The allergy to kiwi seems to be increasingly common and is often associated with other allergies. Indeed, several cases of cross allergies with latex and pollen have been reported in recent years 7 . People allergic to pollen or latex can show hypersensitivity to kiwi (as well as banana and avocado), and vice versa 8 . The actinidin , a protein contained in the kiwi, is recognized as an allergen. However, other proteins could also be involved 12 . The reactions are diverse, going from hives to anaphylactic reactions. Certain factors that influence the process of digestion of proteins (such as the pH of the stomach) as well as the environment in which individuals live could explain the differences in reactions between two people allergic to kiwi 12 , 13 . Given the potential severity of the reactions, people allergic to latex or pollen should be especially vigilant. It is recommended that you consult an allergist to determine the cause of reactions to certain foods and the precautions to take.

Recipe ideas

  • Simply serve as a starter a few slices of kiwi with fine cheese, nuts or hazelnuts or, as a snack, with a few squares of good dark chocolate .
  • Add it to shakes, breakfast cereals, or sauces, coulis , sorbets, ice cream, and yogurt.
  • In clafoutis, cakes , pies, pancakes, etc.
  • For breakfast, serve a bowl of whole rice sprinkled with orange juice and seasoned with cinnamon, with slices of kiwi.
  • In the chocolate fondue.

Be careful, kiwi fruit can turn milk …

The kiwi can turn milk and other dairy products, and soften other fruits due to its high content of actinidine .
Tip  : add it to preparations that contain milk or fruit just before serving.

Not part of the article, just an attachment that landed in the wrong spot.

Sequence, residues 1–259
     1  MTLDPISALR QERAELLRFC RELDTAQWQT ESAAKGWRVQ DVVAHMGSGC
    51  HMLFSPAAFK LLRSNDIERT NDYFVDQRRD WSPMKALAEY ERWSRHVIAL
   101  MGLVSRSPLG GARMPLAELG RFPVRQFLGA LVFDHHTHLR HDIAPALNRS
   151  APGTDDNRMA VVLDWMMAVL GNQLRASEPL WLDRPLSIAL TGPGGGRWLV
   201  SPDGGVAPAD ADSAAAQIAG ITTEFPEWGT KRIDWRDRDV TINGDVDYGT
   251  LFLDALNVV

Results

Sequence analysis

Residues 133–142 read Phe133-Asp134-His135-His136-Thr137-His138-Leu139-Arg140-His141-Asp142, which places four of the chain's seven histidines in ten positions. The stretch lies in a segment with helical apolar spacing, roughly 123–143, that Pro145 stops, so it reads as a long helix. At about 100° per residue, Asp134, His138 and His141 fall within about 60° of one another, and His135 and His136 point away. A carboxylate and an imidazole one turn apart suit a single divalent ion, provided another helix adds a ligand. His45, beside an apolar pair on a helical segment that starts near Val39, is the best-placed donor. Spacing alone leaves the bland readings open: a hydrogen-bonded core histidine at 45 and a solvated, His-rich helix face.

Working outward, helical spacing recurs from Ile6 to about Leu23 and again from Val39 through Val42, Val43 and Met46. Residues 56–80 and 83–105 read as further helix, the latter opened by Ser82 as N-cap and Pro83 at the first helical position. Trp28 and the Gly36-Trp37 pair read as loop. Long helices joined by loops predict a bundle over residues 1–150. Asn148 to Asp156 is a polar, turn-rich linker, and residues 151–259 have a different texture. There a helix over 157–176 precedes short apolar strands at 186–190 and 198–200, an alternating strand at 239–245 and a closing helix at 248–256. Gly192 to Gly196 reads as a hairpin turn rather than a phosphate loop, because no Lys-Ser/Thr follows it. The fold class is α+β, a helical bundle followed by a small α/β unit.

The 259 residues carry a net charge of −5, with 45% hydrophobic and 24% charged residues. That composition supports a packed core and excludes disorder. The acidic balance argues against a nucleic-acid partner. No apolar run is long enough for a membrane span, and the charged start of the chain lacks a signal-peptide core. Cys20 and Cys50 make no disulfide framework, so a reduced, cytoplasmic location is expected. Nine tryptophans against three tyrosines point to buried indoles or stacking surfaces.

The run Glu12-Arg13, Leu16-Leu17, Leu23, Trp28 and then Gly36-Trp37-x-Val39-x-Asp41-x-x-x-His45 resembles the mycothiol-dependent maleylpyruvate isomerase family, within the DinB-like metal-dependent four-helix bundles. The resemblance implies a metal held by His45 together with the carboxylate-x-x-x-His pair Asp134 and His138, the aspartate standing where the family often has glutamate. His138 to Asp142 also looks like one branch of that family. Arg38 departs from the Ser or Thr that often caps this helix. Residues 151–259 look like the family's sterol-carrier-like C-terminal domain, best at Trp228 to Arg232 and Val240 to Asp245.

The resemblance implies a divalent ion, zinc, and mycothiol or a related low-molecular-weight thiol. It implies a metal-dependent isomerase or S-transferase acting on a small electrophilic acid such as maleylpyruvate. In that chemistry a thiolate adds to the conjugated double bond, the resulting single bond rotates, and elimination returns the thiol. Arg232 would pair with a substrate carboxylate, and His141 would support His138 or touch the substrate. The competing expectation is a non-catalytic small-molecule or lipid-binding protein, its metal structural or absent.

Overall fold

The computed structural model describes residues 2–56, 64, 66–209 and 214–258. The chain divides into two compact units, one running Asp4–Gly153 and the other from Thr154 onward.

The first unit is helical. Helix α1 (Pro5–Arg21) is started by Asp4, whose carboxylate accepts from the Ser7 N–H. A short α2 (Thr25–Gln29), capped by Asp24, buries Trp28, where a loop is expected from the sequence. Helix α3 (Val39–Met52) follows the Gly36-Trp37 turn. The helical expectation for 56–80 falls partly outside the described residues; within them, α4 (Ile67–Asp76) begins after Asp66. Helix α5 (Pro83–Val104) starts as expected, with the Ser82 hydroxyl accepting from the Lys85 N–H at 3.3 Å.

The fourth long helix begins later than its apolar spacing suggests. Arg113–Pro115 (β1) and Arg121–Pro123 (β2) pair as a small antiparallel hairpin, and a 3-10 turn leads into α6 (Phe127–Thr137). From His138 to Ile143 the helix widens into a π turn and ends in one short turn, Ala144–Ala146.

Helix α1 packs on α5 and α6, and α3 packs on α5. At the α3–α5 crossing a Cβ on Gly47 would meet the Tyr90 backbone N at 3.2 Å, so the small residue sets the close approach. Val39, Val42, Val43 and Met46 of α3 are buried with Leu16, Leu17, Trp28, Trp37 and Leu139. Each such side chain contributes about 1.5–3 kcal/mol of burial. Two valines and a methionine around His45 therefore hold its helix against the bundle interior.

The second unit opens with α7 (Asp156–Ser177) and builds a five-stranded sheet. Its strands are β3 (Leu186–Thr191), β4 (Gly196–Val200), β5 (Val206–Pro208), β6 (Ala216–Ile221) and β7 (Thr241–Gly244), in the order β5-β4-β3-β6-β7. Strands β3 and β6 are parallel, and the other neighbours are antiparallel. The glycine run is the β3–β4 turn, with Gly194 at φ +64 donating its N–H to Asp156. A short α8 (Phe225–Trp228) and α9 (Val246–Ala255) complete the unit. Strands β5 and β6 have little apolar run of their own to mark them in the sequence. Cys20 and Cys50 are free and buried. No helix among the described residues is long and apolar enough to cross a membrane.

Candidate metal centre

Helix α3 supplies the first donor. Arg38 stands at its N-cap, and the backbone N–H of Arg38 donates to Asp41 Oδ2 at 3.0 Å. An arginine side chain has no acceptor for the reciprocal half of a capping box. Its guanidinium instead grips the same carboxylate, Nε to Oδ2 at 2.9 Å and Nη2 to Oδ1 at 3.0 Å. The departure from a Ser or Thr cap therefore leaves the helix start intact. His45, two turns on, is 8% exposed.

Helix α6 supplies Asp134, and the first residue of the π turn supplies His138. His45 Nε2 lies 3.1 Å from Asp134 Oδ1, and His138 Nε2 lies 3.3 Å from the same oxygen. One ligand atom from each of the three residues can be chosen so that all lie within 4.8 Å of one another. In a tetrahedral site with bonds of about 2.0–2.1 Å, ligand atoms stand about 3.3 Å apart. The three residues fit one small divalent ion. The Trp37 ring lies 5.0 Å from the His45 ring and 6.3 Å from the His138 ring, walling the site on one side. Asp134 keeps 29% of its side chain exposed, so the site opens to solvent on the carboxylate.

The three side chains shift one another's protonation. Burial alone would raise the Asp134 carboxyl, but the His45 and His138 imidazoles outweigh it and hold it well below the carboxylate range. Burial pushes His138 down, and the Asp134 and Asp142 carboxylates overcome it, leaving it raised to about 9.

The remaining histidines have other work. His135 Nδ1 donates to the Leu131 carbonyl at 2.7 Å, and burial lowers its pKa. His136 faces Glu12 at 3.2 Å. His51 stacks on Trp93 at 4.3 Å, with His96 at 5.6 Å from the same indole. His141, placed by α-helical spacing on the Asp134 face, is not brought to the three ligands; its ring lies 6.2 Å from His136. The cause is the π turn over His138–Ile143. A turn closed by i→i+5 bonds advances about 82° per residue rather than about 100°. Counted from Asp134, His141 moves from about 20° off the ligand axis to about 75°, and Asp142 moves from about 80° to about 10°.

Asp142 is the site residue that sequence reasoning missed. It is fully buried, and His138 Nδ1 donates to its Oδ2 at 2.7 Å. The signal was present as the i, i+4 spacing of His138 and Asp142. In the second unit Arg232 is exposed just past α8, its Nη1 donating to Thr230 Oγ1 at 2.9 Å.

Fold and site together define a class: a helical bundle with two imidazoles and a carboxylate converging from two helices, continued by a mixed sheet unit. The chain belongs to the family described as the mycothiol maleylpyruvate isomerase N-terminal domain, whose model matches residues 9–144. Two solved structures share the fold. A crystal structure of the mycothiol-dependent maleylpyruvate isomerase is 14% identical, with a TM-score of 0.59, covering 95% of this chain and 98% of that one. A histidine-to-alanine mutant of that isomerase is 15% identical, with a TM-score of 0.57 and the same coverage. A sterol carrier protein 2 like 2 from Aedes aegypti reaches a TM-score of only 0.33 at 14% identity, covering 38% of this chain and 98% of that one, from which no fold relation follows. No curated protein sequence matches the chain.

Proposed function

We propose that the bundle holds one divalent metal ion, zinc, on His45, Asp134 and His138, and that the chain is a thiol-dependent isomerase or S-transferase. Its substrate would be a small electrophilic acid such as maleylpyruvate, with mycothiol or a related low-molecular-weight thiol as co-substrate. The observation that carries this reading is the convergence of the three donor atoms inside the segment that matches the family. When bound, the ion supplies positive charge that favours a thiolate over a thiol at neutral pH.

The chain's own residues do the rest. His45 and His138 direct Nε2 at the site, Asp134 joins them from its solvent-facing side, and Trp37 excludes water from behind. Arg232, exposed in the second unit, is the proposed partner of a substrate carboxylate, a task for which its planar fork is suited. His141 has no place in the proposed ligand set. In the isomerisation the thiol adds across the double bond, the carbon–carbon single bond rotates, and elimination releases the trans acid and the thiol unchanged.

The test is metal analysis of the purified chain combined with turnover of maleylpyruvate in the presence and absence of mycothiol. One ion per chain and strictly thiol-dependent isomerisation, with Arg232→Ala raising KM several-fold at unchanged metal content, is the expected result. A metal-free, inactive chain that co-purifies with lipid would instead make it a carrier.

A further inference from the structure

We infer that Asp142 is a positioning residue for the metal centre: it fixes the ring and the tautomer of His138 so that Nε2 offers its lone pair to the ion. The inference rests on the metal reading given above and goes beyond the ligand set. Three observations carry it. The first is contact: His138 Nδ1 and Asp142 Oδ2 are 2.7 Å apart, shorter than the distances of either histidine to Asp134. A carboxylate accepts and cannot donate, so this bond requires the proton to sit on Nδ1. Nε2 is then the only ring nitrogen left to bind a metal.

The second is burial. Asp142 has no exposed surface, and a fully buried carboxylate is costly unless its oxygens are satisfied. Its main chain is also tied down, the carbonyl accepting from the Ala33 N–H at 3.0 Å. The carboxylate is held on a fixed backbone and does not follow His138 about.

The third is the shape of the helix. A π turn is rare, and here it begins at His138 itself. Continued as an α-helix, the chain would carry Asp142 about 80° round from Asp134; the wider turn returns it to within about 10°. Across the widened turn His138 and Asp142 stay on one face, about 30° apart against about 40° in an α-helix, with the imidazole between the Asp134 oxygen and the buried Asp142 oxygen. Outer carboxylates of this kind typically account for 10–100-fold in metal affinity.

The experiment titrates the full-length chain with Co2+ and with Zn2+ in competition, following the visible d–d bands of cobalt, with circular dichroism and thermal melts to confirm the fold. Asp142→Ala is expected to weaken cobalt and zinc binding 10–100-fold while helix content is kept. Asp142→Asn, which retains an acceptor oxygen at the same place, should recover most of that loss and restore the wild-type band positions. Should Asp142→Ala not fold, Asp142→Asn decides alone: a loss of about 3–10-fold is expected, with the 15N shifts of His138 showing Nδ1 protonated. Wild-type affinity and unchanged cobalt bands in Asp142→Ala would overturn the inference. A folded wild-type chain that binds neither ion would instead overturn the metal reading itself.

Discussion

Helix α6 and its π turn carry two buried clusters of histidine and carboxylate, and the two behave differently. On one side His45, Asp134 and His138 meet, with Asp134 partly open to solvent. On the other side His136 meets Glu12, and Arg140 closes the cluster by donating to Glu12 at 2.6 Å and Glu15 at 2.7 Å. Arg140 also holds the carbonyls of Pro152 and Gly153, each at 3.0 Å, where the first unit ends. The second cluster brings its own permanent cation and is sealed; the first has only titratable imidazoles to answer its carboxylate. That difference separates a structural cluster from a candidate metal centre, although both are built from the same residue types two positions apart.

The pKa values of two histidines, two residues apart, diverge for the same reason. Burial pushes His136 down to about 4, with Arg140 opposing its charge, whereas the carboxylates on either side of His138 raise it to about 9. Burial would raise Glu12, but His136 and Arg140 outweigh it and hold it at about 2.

The tenderizer kiwi

Thing. To tenderize meat that is a little too tough, cover it with kiwi slices and let it “work” for 20 to 30 minutes.

  • Freeze slices of kiwi, then dip them in melted chocolate and return to the freezer.
  • Tropical fruit salad . Mix banana, papaya and kiwi slices, and drizzle with sweetened orange juice with honey.
  • Spring salad . Mix young spinach leaves, fresh strawberries and kiwi fruit. Top with a raspberry vinegar sauce.
  • Avocado salad . Slices of avocado, kiwi and radish, mixed with endive or radicchio leaves and seasoned with grated ginger flavored vinaigrette.
  • Coat a fish, seafood, meat, poultry or grilled vegetables with a sauce made of kiwi puree and lemon juice.
  • Salsa . Chop and mix kiwis, tomatillos, coriander leaves, jalapeño pepper, sweet onion and lime juice. Chill in the refrigerator and serve with yellow or blue corn tortillas. You can also stuff it with avocado halves.
  • Bulgur salad . Sauté mushrooms, add bulgur and water or broth and cook for about fifteen minutes. Let cool and add cabbage cut into thin strips, minced red onion and a vinaigrette flavored with lemon zest and mint or coriander.
  • Salmon and kiwi sandwich . Split a whole wheat baguette and garnish with smoked salmon, kiwi slices, various greens and horseradish sauce.
  • Chicken, kiwi and tomatoes for pasta . Sauté chicken pieces and set aside. Then sauté onions, garlic, red and yellow peppers, mushrooms. Add the chicken, coarsely chopped peeled tomatoes and kiwi slices. Season with a herb of your choice (basil or oregano for example), simmer for half an hour and serve over pasta.
  • In Japan, kiwis are sometimes eaten with salt . They are also served with raw scallop slices . Dice the kiwis and add them to a rice vinegar, soy sauce, dashi , honey and salt sauce . Arrange in a bowl, add the scallops cut into slices, and cover with diced tomatoes and cucumbers.

The little story of the kiwi

Common names: kiwi, Chinese gooseberry, vegetable mouse, monkey peach, kiwai.
Scientific names: Actinidia deliciosa and other Actinidia species .
Family: actinidiaceae.

Miniature kiwis

The term ”  kiwi  ” did not appear in the French language until 1970. It is a New Zealand word which originally meant only the apteryx, the emblem bird of this country. It replaced “  Chinese gooseberry  ”, the expression by which the fruit was first known (because of the tangy flavor of its pulp, akin to that of gooseberry). In France, it has also been called ”  vegetable mouse  “.

In France, the word ” kiwaï  ” is sometimes used  to designate the fruit of another species of Actinidia , but this name is little used elsewhere. We also speak of “  summer kiwi  ” or “  annual kiwi  ”, but these terms are confusing, particularly the second since no species of Actinidia is annual.

Chinese kiwis
The kiwis originate from China. There are all kinds there. The smallest are the size of a grape. They also take different colors – yellow, orange, red, green. As for the skin, it can be smooth, hairy or covered with a fine down which can be removed by simple rubbing.